by Joyce Bolinger
Early this spring, a nightmarish scenario threatened local agencies who
serve people experiencing homelessness: the virus could rampage through shelters, meal lines, and outdoor “camps,” costing many lives and accelerating its spread throughout Tucson.
“People experiencing homelessness move throughout the community,” thus risking exposure and a wider citywide infection rate of COVID-19, according to Beth Carey, Chief Operating Officer of The Primavera Foundation.
In fact, the low numbers of cases, so far, among the homeless population is a little-known Tucson success story. This success is because of the quick, multi-faceted response by Tucson’s social services agencies, health care providers, and City and County leadership.
Tucson’s Primavera Foundation provides pathways out of poverty and homeless intervention and prevention.
Beth’s plans to retire are on hold due to her commitment to serve during this crisis. At Primavera, Beth is on the frontlines of those working to mitigate the effects of the pandemic among people who are experiencing homelessness.
“Those who experience homelessness don’t have access to the resources to keep safe; many have health conditions making them even more vulnerable,” Beth says. “They live on the edge.”
Early in March, key representatives of private and government agencies that serve individuals experiencing homelessness convened at the Ward 6 offices. Subsequently, daily meetings (on video conferencing) put into action plans to address issues.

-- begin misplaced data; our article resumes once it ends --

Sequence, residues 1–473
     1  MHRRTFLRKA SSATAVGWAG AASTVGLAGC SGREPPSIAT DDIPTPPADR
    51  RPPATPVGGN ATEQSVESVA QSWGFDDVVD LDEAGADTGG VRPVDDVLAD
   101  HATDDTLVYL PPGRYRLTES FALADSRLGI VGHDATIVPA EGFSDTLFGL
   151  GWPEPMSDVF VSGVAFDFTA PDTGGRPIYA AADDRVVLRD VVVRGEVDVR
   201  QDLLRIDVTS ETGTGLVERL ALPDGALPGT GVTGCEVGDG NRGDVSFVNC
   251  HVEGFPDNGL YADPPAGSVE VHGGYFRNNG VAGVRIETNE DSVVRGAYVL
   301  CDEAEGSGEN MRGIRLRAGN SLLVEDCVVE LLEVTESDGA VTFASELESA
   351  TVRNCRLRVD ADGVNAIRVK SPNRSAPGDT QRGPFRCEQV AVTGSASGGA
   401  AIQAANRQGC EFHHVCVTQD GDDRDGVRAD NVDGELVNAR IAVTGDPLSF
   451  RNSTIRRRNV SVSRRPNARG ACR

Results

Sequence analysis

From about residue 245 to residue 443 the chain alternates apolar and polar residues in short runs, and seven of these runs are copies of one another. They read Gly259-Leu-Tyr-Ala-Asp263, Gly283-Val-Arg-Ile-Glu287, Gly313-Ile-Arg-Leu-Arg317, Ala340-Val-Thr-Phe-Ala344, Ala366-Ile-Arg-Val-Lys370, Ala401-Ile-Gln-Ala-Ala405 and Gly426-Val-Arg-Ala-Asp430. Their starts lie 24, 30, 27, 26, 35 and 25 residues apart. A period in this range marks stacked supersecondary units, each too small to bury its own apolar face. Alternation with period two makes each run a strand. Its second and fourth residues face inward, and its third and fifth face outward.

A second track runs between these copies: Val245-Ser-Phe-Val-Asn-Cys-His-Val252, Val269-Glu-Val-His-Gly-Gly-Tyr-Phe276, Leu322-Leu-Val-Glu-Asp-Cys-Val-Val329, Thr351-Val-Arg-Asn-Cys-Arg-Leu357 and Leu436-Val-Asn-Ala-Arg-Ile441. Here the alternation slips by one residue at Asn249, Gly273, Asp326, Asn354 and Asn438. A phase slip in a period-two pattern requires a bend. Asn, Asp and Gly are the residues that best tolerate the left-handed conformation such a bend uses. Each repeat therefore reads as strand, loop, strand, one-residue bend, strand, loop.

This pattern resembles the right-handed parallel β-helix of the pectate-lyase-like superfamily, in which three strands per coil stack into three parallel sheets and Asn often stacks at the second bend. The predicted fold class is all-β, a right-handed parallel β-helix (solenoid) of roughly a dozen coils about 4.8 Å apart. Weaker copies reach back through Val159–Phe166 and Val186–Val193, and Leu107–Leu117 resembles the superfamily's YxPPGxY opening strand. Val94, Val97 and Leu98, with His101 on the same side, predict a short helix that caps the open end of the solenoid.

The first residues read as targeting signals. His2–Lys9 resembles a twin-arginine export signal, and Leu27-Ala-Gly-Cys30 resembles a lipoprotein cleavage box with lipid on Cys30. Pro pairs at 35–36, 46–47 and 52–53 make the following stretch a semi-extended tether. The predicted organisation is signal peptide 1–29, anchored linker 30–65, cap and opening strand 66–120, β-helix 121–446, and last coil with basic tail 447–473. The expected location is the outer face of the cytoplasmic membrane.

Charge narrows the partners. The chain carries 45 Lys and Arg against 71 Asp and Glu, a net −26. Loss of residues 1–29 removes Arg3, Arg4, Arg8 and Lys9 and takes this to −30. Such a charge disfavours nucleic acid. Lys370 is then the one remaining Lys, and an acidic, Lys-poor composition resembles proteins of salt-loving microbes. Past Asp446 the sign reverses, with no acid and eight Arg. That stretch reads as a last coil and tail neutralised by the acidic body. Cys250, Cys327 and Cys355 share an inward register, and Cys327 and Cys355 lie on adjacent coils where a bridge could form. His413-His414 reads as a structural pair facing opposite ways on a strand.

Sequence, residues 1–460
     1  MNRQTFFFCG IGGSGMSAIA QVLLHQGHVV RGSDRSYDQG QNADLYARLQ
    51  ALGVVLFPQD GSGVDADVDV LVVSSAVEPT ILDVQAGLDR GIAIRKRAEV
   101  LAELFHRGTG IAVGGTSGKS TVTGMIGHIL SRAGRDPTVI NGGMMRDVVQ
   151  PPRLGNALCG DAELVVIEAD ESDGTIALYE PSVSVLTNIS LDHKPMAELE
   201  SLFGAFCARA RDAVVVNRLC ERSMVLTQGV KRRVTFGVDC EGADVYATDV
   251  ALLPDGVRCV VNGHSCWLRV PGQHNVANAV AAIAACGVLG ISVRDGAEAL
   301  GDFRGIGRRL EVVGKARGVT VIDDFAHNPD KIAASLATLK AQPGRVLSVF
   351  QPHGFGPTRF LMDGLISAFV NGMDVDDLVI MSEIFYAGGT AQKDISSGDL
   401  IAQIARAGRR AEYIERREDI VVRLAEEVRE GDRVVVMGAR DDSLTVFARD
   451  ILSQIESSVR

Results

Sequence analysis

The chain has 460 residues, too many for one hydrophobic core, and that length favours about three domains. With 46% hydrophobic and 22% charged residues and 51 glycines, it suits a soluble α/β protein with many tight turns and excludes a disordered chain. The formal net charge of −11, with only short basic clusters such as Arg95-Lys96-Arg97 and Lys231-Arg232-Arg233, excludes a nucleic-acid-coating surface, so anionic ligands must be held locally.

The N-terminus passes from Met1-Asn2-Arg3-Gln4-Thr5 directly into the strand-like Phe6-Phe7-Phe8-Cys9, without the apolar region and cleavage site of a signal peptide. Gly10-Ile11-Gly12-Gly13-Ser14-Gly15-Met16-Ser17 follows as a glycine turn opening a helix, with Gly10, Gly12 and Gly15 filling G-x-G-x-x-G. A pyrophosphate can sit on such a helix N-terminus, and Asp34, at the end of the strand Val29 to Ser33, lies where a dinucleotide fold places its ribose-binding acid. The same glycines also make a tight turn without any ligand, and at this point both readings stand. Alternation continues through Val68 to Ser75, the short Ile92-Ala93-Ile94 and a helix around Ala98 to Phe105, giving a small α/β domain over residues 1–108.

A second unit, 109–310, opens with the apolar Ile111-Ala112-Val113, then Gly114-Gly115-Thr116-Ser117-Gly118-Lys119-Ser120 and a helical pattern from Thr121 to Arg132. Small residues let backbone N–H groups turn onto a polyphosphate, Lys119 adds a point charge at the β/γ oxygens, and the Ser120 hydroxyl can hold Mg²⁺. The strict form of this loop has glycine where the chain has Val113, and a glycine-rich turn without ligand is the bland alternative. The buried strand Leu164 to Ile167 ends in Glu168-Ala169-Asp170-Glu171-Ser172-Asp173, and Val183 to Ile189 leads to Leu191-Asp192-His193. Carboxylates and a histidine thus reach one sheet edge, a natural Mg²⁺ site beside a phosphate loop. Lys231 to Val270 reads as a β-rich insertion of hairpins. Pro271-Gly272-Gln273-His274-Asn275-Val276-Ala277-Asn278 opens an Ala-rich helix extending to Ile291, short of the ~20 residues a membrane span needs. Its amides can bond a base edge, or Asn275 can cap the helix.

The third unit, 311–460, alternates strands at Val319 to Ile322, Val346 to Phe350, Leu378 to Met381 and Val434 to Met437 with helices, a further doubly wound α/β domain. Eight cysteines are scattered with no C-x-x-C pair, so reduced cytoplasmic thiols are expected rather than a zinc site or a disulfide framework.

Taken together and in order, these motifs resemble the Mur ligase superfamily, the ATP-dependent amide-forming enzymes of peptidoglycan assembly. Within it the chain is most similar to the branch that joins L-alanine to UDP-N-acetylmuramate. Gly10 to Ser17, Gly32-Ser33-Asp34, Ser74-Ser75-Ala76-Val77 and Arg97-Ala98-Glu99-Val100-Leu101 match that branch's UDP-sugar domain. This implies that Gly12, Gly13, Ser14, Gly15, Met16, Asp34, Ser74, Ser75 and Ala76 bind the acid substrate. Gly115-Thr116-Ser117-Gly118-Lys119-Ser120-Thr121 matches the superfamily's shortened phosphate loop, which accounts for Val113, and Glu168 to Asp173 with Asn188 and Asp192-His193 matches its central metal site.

Critically, housing at two hotels was made available, one for people experiencing homelessness who have COVID-19 symptoms, and another for those seen as high risk. El Rio Health Centers developed a screening procedure to help identification. The Tucson Police Department’s Park Safety team does outreach at 128 parks and facilitates referrals to the hotels.
Primavera acted quickly to make changes at the men’s and women’s shelters. They reduced the numbers of people who reside overnight to make safe distancing possible.
Thanks to donations from the Community Food Bank of Southern Arizona, donors and restaurants, meals continue to be provided, with new procedures in place to assure safety. Drop-in centers installed hand washing stations and offer rest rooms, now sanitized between users.
In shelters and on the street, LGBTQI+ people are at “highest risk for assault as well as health problems,” Beth says, adding that most Tucson agencies continue to provide safe and welcoming spaces.
Unlike some cities, a relatively low number of people currently experiencing homelessness have been sick with COVID-19 compared to the at-risk population, making Tucson’s efforts among the homeless a great success by any measure.
“It’s been an amazing time,” Beth comments, “to see what our community can do when we act together.”
As Primavera’s Chief Operating Officer, Beth oversees emergency services, housing, workforce development, financial education, homeownership, and community engagement of the organization. She holds a Bachelor of Arts in Music from Arizona State University and a Master of Divinity degree from Boston University.
Beth shares her life and home with Leslie Carlson and their cats, Jet and Max.